Home » Board of Education » District Policies » 5312.4, Dignity for All Students Policy

5312.4, Dignity for All Students Policy


The Board of Education is committed to providing an educational and working environment that promotes respect, dignity and equality. The Board recognizes that acts of discrimination, such as harassment, hazing and bullying, are detrimental to student learning and achievement. These behaviors interfere with the mission of the district to educate its students and disrupt the operation of the schools. Such behavior affects not only the students who are its targets but also those individuals who participate and witness such acts.

To this end, the Board condemns and strictly prohibits all forms of discrimination, such as harassment, hazing and bullying on school grounds, school buses and at all school-sponsored activities, programs and events. Discrimination, harassment, hazing or bullying that takes place at locations outside of school grounds which can be reasonably expected to materially and substantially interfere with the requirements of appropriate discipline in the operation of the school or impinge on the rights of other students are prohibited, and may be subject to disciplinary consequences.



Harassment has been defined in various ways in federal and state law and regulation. The Board recognizes that these definitions are important standards, but the Board’s goal is to prevent misbehavior from escalating in order to promote a positive school environment and to limit liability. The Dignity for All Students Act (§§10-18 of Education Law) defines harassment as the creation of a hostile environment by conduct or by verbal threats, intimidation or abuse that has or would have the effect of unreasonably and substantially interfering with a student’s educational performance, opportunities or benefits, or mental, emotional or physical well-being; or conduct, verbal threats, intimidation or abuse that reasonably causes or would reasonably be expected to cause a student to fear for his or her physical safety. The harassing behavior may be based on any characteristic, including but not limited to a person’s actual or perceived:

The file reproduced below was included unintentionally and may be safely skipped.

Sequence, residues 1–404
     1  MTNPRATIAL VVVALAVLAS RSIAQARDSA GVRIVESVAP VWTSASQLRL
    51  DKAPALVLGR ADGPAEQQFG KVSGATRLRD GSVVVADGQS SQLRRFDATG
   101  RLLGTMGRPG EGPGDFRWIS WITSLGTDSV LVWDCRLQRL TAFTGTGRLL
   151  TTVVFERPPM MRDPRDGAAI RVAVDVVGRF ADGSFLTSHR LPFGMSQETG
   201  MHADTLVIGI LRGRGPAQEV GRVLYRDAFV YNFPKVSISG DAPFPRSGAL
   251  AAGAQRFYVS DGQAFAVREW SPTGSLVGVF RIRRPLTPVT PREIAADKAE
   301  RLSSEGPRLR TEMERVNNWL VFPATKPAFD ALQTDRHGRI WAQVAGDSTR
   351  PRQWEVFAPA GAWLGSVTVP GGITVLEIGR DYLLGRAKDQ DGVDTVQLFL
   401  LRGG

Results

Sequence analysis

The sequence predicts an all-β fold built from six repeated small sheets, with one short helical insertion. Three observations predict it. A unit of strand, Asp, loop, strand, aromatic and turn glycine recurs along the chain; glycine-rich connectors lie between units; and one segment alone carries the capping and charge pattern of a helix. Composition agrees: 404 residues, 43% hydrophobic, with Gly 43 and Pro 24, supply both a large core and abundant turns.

• race,
  • color,
  • weight,
  • national origin,
  • ethnic group,
  • religion,
  • religious practice,
  • disability,
  • sex,
  • sexual orientation, or
  • gender (including gender identity and expression)

For purposes of meeting federal standards, harassment need not rise to the level of creating a hostile environment in order for the district to respond. Harassing behaviors may include verbal acts and name-calling; graphic and written statements, which may include use of cell phones or the Internet; or other conduct that may be physically threatening, harmful or humiliating.